Cold Weather Shipping

Though the weather outside is getting frightful 🥶, your garden can still be delightful ☀️. Our baby-sized plants 🌱 make it easy to cozy up this fall and winter whether you plan to grow them inside or just keep them safe from the cold. Now if that isn’t hygge, we don’t know what is. Read on to learn more about how we guarantee your plants will arrive alive!

We ship all throughout the year. If it’s 35 degrees Fahrenheit or above, we guarantee your order will arrive alive. Just make sure you track your package closely and retrieve it as soon as possible so it’s not chillin’ (pun entirely intended) in a freezing mailbox 📫 for an extended time period. We have sent thousands of plants safely to their destinations. However, please let us know if there are any problems with your order after arrival by sending us a message with a picture of your plants within 48 hours. We can’t guarantee your plants will continue to thrive 48 hours after they arrive at your house, so please let us know of any problems or concerns promptly.

If temperatures are below 35, you can ask us to hold your order in the order notes at checkout. If the temperature plummets between placing the order and it being fulfilled, you can always email us. We can hold orders for a few days, weeks, or even until next season. Any plants shipped in temperatures below 35 degrees Fahrenheit are shipped at your own risk and are not guaranteed.

Have more questions? Check out our frequently asked cold-weather questions.

Frequently Asked Questions

Is it too cold to grow this in my area?

The short answer is No! From houseplants to landscape greenery, our baby-sized starters are convenient to bring indoors during cold weather, so you can grow anything you want whether its final destination is intended to be in your home or if it just needs a temporary shelter from the bleak winter.

Your plant may be able to withstand the amount of cold in your area and there is an easy way to find out. The USDA has created a Plant Hardiness Zone Map that green thumb enthusiasts, like yourself, rely on for seeing which plants are most likely to succeed in their neck of the woods, based on average minimum temperatures. Find out your zone by entering your zipcode on the USDA’s site. Each of our product pages includes the hardiness zone, so you can easily see if the plant’s zone number matches your area’s zone. If a plant grows outside your zone, you can still grow it; just pot it in a container and bring it indoors during cold weather or provide other winter protection, such as mulching or covering.

Should I check the temperature forecast before I order?

Yes, definitely! If it’s 35 Fahrenheit or above, we guarantee your order will arrive alive. Any plants shipped in temperatures below 35 are shipped at your own risk and are not guaranteed.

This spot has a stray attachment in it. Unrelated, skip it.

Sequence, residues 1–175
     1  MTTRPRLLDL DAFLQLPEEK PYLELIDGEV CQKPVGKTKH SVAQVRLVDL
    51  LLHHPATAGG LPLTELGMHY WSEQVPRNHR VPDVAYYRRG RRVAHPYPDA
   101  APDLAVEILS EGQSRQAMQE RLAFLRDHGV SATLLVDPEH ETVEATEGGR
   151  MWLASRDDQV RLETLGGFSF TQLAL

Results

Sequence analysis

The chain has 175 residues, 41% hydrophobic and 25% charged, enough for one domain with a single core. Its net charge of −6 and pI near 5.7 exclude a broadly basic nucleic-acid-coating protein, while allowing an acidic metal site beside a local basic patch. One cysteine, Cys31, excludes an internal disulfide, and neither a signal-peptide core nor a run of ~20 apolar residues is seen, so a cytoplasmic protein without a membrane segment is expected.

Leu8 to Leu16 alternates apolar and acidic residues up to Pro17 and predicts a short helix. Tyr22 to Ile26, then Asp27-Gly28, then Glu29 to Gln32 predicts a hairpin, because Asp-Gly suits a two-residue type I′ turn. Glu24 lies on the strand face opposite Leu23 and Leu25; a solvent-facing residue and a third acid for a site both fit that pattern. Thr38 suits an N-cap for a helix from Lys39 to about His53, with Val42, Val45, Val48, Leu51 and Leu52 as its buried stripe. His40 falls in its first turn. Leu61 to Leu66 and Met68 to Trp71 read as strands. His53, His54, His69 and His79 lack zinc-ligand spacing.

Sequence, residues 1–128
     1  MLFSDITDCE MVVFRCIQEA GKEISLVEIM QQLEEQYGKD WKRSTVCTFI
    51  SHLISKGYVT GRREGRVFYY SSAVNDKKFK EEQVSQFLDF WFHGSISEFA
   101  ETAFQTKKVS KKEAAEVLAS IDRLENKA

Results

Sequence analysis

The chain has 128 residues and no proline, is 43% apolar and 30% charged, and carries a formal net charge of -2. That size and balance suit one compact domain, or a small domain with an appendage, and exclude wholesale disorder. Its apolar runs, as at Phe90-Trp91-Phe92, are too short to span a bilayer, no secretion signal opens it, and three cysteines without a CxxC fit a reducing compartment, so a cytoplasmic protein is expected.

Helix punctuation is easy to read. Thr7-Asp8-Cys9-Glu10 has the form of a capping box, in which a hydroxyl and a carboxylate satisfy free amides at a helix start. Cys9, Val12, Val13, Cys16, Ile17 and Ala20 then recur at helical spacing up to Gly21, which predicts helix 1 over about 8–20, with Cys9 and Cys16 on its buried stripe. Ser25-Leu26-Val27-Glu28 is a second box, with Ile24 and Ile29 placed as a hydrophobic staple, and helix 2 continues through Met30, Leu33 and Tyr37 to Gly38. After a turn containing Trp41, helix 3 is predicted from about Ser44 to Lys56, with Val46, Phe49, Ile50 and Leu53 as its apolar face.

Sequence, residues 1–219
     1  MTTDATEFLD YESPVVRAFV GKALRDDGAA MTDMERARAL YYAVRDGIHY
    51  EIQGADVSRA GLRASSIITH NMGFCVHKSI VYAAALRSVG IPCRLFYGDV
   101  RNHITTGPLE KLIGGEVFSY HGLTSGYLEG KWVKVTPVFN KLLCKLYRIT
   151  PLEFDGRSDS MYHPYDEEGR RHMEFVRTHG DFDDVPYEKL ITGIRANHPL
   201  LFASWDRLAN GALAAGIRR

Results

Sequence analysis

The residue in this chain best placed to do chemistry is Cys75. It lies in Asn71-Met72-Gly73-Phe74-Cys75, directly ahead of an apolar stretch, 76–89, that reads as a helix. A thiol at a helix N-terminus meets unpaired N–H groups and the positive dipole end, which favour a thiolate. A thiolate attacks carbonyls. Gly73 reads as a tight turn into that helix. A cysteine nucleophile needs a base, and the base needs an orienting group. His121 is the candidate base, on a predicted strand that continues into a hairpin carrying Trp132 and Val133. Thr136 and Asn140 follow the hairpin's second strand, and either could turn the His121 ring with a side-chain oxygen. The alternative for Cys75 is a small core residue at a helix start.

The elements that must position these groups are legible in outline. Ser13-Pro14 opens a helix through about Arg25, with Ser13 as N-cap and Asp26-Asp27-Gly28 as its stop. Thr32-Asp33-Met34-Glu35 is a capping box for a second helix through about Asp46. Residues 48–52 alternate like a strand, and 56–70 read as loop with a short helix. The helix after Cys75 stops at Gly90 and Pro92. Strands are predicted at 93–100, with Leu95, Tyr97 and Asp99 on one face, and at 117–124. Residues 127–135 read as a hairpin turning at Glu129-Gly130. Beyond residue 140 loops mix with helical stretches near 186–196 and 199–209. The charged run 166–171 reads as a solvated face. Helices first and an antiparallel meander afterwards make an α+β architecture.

We don’t advise or guarantee shipping in freezing or below-freezing temperatures. Please ensure lows do not go under 35 when you order. If the temperatures are low, just email us and we will be happy to hold your order. Also, make sure you track your package closely and retrieve it from the cold outdoors as soon as it arrives to increase chances of success.

Can you hold my order?

Absolutely! If temperatures are below 35 degrees Fahrenheit, just email us give us the date you would like to hold your order until. We can hold it for a few days, weeks, or even until next season. 

Do you ship with heat packs

We do not ship with heat packs because we have not found them to be the most effective solution, but we do insulate packages bound for cold destinations.

Why did my plant arrive with no leaves?

Fall sweater weather, the scent of cinnamon brooms, and the flavor of pumpkin spice emanating from the kitchen signal the beautiful autumn leaves 🍁 we all love turning from green to a crispy orange and yellow; we know that although the leaves have fallen, the trees are still alive and well; they’re just hibernating (in plant terms, going dormant) until the spring season brings a wellspring of new life.

Our plants are greenhouse-grown in the heart of Central Florida, so many of our plants are still actively growing throughout the cold season. A few plants, like gingers, figs, and elephant ears go dormant, so they aren’t as prolific and may even lose all their leaves. This is totally normal and actually very healthy for plants. Like hibernation, it is an important part of the growing cycle when plants are strengthening their root systems instead of focusing on creating new growth. They are still healthy, viable plants that will begin growing new leaves in spring when there is more light and warmer temperatures during the day and night. 

How do I know my plant is dormant and not dead?

It can be tricky to tell, especially because it takes a whole season or two for a plant to awaken from dormancy. Patience is the best test so your plant can remain undisturbed while strengthening its roots; but if you’re really antsy, you can do a couple quick tests to reassure yourself: Very gently give the stem a tiny push and if it doesn’t snap in half, then it’s probably alive and well. You can also check to see if there is green under the stem by making a very tiny scratch with your finger. 

When will my plant come out of dormancy?

Spring is a wonderful time when all the world is turning green again. However, the first sign of Spring doesn’t necessarily mean the plant will come out of dormancy since there may still be cold temperatures at night and each individual plant has its own timetable. Some are late bloomers. Sometimes it can be mid to late April for plants to come out of dormancy. And in colder climates, it will take possibly into May/June. It takes a combination of care, longer days, and warmer temperatures. Before you know it, that plant you were sure was dead as a doornail will spring into new life!